Resources in Special Collections
Original building permit index cards
Learn about the construction and improvement history of your house or building. Contact Special Collections for a scanned copy of the index card for your address.
Learn how to interpret a permit card (PDF)
Clippings may be available for a particular address, homeowner, architect or Minneapolis neighborhood. Special Collections houses a significant collection of Minneapolis neighborhood newspapers.
Minneapolis Photo Collection online
Roughly 10,000 photographs that date back to the 19th century are available to search and view online.
Minneapolis City Directory (1859 to 2003)
Minneapolis city directories online (1859-1922)
Lists the previous occupants of a house and often their occupation(s). Beginning in 1930, use the reverse directory to look up an address and find the names of the people living there.
Dual City Blue Book (1885 to 1924)
Private directory lists the names of the city's wealthier resident alphabetically and by address.
View the library's digitized platbooks (1885 - 1898 - 1914) online or view paper copies of these plus additional platbooks. The University of Minnesota also offers an online collection of local platbooks.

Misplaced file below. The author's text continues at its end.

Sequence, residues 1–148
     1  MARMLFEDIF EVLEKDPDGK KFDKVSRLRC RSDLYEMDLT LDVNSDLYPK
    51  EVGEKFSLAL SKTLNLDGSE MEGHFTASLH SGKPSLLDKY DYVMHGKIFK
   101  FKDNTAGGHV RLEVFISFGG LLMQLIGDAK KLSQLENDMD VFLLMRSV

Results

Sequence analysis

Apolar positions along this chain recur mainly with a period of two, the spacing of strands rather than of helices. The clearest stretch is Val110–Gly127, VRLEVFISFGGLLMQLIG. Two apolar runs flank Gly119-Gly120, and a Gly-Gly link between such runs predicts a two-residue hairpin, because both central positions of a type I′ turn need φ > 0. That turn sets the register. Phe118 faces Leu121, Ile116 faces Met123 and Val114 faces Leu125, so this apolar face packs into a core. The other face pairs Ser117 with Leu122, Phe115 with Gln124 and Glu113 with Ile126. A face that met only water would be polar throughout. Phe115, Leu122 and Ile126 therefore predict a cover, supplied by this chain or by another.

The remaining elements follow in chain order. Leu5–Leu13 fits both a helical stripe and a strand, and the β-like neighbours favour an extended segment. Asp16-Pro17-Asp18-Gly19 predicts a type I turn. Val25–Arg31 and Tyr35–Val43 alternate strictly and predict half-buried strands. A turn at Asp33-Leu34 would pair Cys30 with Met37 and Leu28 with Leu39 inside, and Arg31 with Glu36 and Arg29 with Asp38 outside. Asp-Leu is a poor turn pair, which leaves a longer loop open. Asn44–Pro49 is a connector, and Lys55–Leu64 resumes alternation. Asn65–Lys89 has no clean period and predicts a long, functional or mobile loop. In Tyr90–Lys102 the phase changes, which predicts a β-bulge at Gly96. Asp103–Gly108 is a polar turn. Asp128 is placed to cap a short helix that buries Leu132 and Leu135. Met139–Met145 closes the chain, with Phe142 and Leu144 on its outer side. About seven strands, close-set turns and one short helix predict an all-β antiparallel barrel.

Historic maps and atlases (1850s to 1920s)
View property boundaries, roads, railroad tracks, streetcar lines, the names of businesses,and geographical attributes. The oldest maps of the city are available via Minnesota Reflections.
Sanborn Fire Insurance Map Database (1850s to 1920s)
View property boundaries, roads, railroad tracks, streetcar lines, the names of businesses,and geographical attributes.
Lot Surveys on Microfilm (1916 to 1965)
Surveys contain original footprint, dimensions and outbuildings of a property or building. Organized by building permit number (B122143 to B394097), not by address. You must obtain your home’s original building permit number from the building permit index card or building permit to access your lot survey.
Lot Surveys are expensive to have done and we strongly encourage homeowners to keep them in a safe place with their building abstract. Anytime there are large renovations/changes done to a house or lot, a lot survey is required. Lot surveys are kept at Development Review in the Public Service Building (Room 300, 250 South 4th St.) for two years. After two years if the building owner did not keep a previous lot survey a new survey has to be made.